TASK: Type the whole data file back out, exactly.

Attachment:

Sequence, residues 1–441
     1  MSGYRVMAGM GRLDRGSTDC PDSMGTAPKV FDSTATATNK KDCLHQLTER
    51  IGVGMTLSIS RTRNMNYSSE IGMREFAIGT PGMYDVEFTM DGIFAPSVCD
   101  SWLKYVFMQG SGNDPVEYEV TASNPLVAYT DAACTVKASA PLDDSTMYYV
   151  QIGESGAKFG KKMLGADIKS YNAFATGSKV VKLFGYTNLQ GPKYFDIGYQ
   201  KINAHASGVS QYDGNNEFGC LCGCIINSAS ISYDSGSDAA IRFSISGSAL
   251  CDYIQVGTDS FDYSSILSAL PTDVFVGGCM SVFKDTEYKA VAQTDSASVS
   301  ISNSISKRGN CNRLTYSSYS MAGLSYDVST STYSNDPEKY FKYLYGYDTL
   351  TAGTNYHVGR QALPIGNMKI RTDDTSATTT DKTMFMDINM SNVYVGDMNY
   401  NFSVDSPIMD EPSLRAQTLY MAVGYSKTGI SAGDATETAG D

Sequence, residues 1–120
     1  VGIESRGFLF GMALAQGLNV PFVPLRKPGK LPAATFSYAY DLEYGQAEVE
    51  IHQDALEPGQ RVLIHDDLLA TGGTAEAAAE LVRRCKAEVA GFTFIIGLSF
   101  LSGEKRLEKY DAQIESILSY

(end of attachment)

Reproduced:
Sequence, residues 1–441
     1  MSGYRVMAGM GRLDRGSTDC PDSMGTAPKV FDSTATATNK KDCLHQLTER
    51  IGVGMTLSIS RTRNMNYSSE IGMREFAIGT PGMYDVEFTM DGIFAPSVCD
   101  SWLKYVFMQG SGNDPVEYEV TASNPLVAYT DAACTVKASA PLDDSTMYYV
   151  QIGESGAKFG KKMLGADIKS YNAFATGSKV VKLFGYTNLQ GPKYFDIGYQ
   201  KINAHASGVS QYDGNNEFGC LCGCIINSAS ISYDSGSDAA IRFSISGSAL
   251  CDYIQVGTDS FDYSSILSAL PTDVFVGGCM SVFKDTEYKA VAQTDSASVS
   301  ISNSISKRGN CNRLTYSSYS MAGLSYDVST STYSNDPEKY FKYLYGYDTL
   351  TAGTNYHVGR QALPIGNMKI RTDDTSATTT DKTMFMDINM SNVYVGDMNY
   401  NFSVDSPIMD EPSLRAQTLY MAVGYSKTGI SAGDATETAG D

Sequence, residues 1–120
     1  VGIESRGFLF GMALAQGLNV PFVPLRKPGK LPAATFSYAY DLEYGQAEVE
    51  IHQDALEPGQ RVLIHDDLLA TGGTAEAAAE LVRRCKAEVA GFTFIIGLSF
   101  LSGEKRLEKY DAQIESILSY